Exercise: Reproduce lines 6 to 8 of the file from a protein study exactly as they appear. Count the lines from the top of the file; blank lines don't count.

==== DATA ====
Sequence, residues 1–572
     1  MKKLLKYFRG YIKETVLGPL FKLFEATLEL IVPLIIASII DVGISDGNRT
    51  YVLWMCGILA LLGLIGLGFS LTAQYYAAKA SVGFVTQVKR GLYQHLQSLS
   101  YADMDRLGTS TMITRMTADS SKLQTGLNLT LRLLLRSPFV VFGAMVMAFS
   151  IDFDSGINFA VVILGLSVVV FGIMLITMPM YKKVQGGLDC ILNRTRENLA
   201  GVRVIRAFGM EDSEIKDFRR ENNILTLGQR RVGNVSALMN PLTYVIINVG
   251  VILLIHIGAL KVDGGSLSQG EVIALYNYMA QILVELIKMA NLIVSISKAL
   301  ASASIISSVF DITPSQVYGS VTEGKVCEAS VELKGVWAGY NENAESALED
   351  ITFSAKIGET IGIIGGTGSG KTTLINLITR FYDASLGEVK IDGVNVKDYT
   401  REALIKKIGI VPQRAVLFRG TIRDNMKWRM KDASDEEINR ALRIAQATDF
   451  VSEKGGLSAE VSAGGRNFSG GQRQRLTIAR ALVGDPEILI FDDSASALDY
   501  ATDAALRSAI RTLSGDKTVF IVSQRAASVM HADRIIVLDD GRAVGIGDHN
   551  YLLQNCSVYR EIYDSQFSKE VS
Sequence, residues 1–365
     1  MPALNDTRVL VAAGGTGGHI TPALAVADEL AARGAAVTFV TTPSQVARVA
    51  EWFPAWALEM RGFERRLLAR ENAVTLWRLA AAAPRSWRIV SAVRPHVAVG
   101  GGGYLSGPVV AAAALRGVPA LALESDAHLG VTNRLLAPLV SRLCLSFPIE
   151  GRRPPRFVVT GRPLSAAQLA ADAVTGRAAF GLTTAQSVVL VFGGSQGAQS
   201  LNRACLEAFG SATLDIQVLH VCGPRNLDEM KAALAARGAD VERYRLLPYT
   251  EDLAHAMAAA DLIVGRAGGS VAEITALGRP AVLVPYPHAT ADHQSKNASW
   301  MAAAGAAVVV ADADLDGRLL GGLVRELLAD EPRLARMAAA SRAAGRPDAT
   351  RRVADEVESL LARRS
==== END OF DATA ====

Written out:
   201  GVRVIRAFGM EDSEIKDFRR ENNILTLGQR RVGNVSALMN PLTYVIINVG
   251  VILLIHIGAL KVDGGSLSQG EVIALYNYMA QILVELIKMA NLIVSISKAL
   301  ASASIISSVF DITPSQVYGS VTEGKVCEAS VELKGVWAGY NENAESALED